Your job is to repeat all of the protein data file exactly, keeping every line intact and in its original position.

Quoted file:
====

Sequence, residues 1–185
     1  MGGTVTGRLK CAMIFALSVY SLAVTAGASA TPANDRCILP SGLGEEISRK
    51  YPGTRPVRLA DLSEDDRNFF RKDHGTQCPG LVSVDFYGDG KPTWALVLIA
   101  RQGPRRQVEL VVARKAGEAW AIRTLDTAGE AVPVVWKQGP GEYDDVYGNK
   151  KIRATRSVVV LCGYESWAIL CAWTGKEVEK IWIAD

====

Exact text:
Sequence, residues 1–185
     1  MGGTVTGRLK CAMIFALSVY SLAVTAGASA TPANDRCILP SGLGEEISRK
    51  YPGTRPVRLA DLSEDDRNFF RKDHGTQCPG LVSVDFYGDG KPTWALVLIA
   101  RQGPRRQVEL VVARKAGEAW AIRTLDTAGE AVPVVWKQGP GEYDDVYGNK
   151  KIRATRSVVV LCGYESWAIL CAWTGKEVEK IWIAD